LIMITS OF BEING GENDER-FLUID
PETER TRUDGILL on those who keep the sex in language, and those who don’t
The Hungarian word ö can mean ‘he’ ‘she’, or ‘it’. So can Estonian ta and Turkish o – there is no indication in any of these pronouns of what the sex of the entity being referred to is, or indeed even whether it is an animate being or not. Similarly, Finnish
hän also means ‘he’ and ‘she’, and in modern Finnish se, ‘it’, is often also colloquially used for ‘he’ and ‘she’ as well.
Unlike in these languages, in English we do indicate the sex of human beings (and some animals) by using one of the third-person singular pronouns he and
she. But this is the only point in the structure of the English language where sex is relevant grammatically: all the other English personal pronouns – I, me, you, we, us, they, them – are gender neutral.
Other languages go further than English in marking natural gender. French not only indicates sex in its thirdperson singular pronouns, as English does, but also in the plural: it has two words corresponding to ‘they’: ils (masculine) and elles (feminine). Mixed groups of males and females are normally ils. Icelandic has masculine their, ‘they’, feminine thær – and uses neuter thau for mixed groups.
A smaller number of languages distinguish between male and female human beings in their words for the second person you. This can get quite complicated. In polite Polish discourse, speakers address a man as pan, ‘you’, and a woman as pani, but they would call a close friend ty, ‘you’, regardless of whether they were male or female.
In Spanish, speakers address a group of female friends as vosotras, ‘you (plural)’, while a group of male friends would be vosotros. (Again mixed groups are generally treated as masculine.) But you would address a friend on their own as tu, ‘you (singular)’, regardless of their sex. And if you were being formal, you would use usted, ‘you (singular)’ or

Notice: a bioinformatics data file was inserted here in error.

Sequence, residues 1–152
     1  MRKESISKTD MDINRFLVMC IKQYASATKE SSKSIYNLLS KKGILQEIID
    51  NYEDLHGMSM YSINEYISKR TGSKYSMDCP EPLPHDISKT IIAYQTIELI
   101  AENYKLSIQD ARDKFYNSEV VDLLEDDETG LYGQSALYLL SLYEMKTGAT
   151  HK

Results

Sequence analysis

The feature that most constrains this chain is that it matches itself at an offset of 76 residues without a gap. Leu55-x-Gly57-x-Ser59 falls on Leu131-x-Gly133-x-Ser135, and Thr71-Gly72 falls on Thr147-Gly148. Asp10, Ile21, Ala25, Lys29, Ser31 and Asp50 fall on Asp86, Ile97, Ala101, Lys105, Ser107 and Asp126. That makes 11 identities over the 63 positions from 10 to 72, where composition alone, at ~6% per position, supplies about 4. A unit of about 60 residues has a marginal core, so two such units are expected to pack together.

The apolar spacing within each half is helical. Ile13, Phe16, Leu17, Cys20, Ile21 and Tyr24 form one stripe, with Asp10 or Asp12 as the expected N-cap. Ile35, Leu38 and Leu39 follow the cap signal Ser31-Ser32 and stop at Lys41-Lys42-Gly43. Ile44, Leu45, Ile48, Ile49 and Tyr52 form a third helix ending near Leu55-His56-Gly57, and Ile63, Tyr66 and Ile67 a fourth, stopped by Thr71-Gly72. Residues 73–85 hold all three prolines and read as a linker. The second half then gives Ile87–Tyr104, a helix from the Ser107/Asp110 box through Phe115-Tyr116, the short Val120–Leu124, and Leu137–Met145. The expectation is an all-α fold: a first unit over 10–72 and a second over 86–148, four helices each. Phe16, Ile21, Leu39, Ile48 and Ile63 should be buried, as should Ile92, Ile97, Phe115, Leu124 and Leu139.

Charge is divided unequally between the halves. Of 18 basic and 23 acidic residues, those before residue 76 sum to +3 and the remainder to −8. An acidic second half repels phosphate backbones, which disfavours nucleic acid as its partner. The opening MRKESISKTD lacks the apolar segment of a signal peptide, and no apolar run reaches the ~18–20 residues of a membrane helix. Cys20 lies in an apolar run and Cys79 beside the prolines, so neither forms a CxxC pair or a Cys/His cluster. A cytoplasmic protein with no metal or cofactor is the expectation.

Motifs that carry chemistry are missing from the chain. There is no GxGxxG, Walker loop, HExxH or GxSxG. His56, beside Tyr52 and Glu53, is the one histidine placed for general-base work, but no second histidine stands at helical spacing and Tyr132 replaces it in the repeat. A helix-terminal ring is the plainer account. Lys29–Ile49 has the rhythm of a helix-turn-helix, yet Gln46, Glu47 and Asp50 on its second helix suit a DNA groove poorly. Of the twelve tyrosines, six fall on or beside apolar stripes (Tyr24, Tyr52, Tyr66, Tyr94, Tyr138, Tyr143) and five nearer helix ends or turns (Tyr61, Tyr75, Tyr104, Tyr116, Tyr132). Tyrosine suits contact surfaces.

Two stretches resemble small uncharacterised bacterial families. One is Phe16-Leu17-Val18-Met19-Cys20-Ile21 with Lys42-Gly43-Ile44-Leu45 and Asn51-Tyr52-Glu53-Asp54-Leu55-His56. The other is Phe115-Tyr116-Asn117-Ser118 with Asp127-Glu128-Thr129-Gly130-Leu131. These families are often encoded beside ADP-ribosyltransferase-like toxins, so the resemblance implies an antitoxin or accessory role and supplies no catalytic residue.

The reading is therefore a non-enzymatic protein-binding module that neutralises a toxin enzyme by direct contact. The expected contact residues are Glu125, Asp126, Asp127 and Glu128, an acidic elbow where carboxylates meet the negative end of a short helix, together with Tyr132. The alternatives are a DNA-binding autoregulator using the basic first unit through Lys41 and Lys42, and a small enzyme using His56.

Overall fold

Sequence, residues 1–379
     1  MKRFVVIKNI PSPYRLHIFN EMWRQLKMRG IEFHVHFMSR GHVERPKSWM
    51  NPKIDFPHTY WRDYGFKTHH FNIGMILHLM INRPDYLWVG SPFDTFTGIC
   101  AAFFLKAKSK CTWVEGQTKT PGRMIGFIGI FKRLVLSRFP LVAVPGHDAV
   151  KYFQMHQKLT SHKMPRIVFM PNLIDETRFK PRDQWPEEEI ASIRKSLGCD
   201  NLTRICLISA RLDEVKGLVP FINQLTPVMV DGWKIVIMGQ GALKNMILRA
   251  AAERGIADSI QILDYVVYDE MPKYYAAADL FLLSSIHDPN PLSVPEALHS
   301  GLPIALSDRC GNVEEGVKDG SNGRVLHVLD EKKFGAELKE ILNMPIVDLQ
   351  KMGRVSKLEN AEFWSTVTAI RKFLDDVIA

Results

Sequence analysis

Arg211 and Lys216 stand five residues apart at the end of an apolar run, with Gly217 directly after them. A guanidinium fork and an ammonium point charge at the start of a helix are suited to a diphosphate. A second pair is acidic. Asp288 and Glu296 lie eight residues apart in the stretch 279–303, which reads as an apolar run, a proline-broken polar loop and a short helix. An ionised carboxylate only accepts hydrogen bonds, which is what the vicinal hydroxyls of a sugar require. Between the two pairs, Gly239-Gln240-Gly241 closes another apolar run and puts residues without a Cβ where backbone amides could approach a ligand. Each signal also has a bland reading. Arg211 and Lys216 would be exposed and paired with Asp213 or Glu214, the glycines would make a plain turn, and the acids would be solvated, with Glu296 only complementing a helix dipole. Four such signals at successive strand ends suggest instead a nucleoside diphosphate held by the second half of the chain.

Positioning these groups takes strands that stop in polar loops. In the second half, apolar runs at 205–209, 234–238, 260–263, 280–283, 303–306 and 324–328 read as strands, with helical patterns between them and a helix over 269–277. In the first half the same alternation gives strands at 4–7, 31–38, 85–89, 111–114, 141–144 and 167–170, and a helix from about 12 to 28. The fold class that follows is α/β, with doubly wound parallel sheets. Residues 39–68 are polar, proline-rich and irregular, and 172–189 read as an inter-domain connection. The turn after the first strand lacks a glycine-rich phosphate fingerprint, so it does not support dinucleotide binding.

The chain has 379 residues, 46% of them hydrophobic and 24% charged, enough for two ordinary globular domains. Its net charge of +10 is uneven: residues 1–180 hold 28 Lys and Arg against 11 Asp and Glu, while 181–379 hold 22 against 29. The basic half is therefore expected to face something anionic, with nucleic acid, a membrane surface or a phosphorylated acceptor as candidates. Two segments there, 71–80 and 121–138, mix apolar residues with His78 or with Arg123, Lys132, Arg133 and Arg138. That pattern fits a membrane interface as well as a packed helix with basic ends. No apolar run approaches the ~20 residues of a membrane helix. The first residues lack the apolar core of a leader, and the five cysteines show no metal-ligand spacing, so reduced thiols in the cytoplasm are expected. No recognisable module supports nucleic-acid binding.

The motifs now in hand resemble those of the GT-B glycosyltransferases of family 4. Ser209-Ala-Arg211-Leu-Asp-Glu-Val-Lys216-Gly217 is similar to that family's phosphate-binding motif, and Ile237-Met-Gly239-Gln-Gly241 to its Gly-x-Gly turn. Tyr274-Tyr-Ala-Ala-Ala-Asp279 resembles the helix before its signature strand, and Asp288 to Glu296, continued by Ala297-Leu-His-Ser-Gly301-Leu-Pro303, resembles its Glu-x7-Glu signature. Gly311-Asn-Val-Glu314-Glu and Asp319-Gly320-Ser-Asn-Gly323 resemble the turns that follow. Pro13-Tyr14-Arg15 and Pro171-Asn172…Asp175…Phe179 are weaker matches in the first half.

ustedes, ‘you (plural)’ for both males and females.
Some languages even have a gender distinction in the first-person plural pronoun. Spanish is one language which has this feature: nosotras, ‘we (female)’, is distinguished from nosotros, ‘we (male)’. And there are languages outside Europe, including Japanese, where there are different male and female forms for I/me, even though in most circumstances it is generally rather clear whether a speaker is male or female.
But in a number of European languages there are other ways in which speakers are obliged to indicate their own gender grammatically. There is little of this in German, though if you wanted to say “poor me!”, the female form would be “ich unglückliche” while men would say “ich unglücklicher”.
In French this is much more common: women and men are frequently obliged to use different forms of adjectives that refer to themselves. “I’m ready” is “je suis prête” for women and girls but “je suis prêt” for men and boys. It works the same in Portuguese: estou pronta (feminine) versus estou pronto (masculine).
Officially, the Portuguese word for ‘thank you’ differs according to the sex of the speaker: women are supposed to say obrigada, while men say obrigado. This is because the word – which literally means ‘obliged’ – is a verbal past participle which behaves in the same way as an adjective like ‘ready’. In practice, it is not uncommon to hear Portuguese-speaking women use the masculine form obrigado.
In some Slavic languages, past-tense verb forms also differ according to the gender of the speaker: Polish males have to render ‘I arrived’ as przyjechałem
while females are obliged to say przyjechałam. This does not provide any additional information in face-to-face conversations, but it does mean that readers might be able tell whether someone who is writing in Polish is male or female. It is reported that young Polish-speaking boys may have to be overtly instructed not to copy the forms their mothers use when it comes to this particular grammatical point.